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Bold by Espen Oeino

What exactly is an explorer yacht? Octopus, REV and now Bold provide a clear indication. So what exactly do these three mega-yachts have in common?

© Guillaume Plisson for Silveryachts

They share the same philosophy, they all come from the pen of Espen Oeino and were all designed around their owner’s requirements. Because although it is true that explorer yachts are a specific kind of hull, each project is different in stylistic and function terms.

© Guillaume Plisson for Silveryachts

Every yacht has its own story. And Espen Oeino has plenty of stories to tell. Starting with his very first such project. “It all started when I developed a 60m with Jean Pigozzi based on the naval platform of an offshore supply vessel. The project never saw the light of day because Pigozzi bought Kisuca, a 67m ex deep water trawler that Torben Karlshoej had converted to a yacht,” he explains. 

© Guillaume Plisson for Silveryachts

That was in 1994. Before getting to Bold, Oeino’s path crossed with Paul Allen and Octopus. “Unlike Pigozzi, he wanted a vessel that would allow him explore the abyss”. That 126m project was complex not just in terms of its size but also because so much gear had to be stowed aboard, including a submarine and instrumentation for plumbing the ocean depths. “But there is also room for a large pool, a recording studio, a home cinema,” Oeino remembers fondly.

© Guillaume Plisson for Silveryachts

Now REV Ocean is scheduled to launch in 2021. At 182m, she is not only the world’s largest yacht but also the most advanced research vessel afloat with leading-edge laboratories for studying the oceans, their flora and fauna in addition to vehicles capable of diving to depths of up to 6,000 metres to take water samples. 

© Guillaume Plisson for Silveryachts

And then there is Bold. This aluminium 85m built by SilverYachts breaks new ground in the explorer segment. She might be described as a fast explorer yacht as she was conceived to have an ultra-efficient range and to deliver above-average speeds (23 knots at full throttle, cruising at 18). “The hull is the result of in-depth research.

© Guillaume Plisson for Silveryachts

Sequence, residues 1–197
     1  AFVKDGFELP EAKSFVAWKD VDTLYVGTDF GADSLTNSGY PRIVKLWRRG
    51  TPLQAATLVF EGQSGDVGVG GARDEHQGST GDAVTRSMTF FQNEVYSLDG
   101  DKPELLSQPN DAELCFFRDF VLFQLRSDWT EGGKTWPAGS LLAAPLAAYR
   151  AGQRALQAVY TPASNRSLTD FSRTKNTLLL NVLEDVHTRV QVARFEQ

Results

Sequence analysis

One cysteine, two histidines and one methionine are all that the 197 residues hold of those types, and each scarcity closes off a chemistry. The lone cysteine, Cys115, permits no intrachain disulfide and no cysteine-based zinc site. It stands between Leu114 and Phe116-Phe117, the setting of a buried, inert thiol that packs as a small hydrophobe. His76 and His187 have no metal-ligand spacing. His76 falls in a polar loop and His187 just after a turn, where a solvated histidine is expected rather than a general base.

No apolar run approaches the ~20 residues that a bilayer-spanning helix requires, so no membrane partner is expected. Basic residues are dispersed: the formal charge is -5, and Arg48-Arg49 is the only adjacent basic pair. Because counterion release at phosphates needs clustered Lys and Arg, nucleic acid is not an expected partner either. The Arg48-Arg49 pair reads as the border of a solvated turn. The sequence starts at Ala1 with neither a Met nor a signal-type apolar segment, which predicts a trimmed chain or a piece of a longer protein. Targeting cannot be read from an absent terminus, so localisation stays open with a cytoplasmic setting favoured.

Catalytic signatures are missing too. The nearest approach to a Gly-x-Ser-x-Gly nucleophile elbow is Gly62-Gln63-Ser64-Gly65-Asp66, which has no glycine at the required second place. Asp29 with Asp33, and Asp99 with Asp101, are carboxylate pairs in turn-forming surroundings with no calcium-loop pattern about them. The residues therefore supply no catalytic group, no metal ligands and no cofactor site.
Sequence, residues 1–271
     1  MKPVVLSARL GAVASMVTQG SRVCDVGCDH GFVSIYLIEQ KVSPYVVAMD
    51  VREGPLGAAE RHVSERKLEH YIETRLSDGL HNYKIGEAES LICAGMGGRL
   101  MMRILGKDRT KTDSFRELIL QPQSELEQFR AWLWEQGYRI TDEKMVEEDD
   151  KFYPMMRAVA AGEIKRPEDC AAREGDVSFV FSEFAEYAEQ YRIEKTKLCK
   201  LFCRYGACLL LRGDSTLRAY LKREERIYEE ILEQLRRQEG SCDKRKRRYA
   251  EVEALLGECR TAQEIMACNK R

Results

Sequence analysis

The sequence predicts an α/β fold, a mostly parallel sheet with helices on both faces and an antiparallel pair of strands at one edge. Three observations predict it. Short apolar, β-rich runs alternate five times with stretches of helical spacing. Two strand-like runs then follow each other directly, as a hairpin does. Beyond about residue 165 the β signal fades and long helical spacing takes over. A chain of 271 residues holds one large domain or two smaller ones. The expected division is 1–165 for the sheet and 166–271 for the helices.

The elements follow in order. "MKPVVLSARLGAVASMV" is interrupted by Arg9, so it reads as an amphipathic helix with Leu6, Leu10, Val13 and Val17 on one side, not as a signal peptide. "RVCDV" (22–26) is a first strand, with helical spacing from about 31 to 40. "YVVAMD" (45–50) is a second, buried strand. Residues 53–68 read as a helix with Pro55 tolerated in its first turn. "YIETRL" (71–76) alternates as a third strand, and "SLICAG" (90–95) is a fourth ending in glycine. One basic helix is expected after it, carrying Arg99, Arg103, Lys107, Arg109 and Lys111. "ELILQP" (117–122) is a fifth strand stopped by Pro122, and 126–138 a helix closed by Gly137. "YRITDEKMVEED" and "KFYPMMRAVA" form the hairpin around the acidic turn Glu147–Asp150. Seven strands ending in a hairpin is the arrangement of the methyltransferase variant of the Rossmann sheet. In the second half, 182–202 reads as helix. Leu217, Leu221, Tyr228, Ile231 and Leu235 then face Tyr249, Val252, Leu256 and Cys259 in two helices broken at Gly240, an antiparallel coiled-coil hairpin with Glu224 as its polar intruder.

The entry angle and bow design are important in terms of the wave they cause as is the geometry of the aft section of the hull. Extending the length along the waterline helped improve the hull’s efficiency too,” continues Oeino.

© Guillaume Plisson for Silveryachts

The project was driven by the need for versatile, modular spaces. The aft section of the main deck is 24 metres long and is where the tenders and support vessels are stowed. But once freed up, it creates a huge recreational space. As there is no height limitation, it can double as either a helipad or large tender stowage area as required. The aim was to create the ambience of a seafront loft. But it is on the owner’s deck that the volumes really come into their own.

© Guillaume Plisson for Silveryachts

The owner’s suite is forward and the saloon aft with enormous wraparound floor-to-ceiling glazing creating a direct connection to the surrounding world. The Vain Interiors furnishings and décor are contemporary in style. A large geometric motif rug dominates the central area and marks out the lounge area with its four blue sofas angled so that occupants can watch the action on 9 wall-mounted videos.

© Guillaume Plisson for Silveryachts

Aft, however, the interiors are modular and flexible with al fresco dining and living areas that can also be enclosed. Seven guest cabins lie on the main deck while the lower deck is given over to crew quarters for 24. The bridge deck is modular too with a second more informal dining area with adjacent bar overlooking a space that can either be used for a second helicopter or al fresco activities as it also features Paola Lenti furnishings. 

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